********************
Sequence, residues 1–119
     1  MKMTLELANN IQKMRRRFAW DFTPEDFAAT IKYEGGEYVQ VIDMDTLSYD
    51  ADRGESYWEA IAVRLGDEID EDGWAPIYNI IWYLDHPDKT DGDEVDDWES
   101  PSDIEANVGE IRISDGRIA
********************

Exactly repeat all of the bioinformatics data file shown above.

Sequence, residues 1–119
     1  MKMTLELANN IQKMRRRFAW DFTPEDFAAT IKYEGGEYVQ VIDMDTLSYD
    51  ADRGESYWEA IAVRLGDEID EDGWAPIYNI IWYLDHPDKT DGDEVDDWES
   101  PSDIEANVGE IRISDGRIA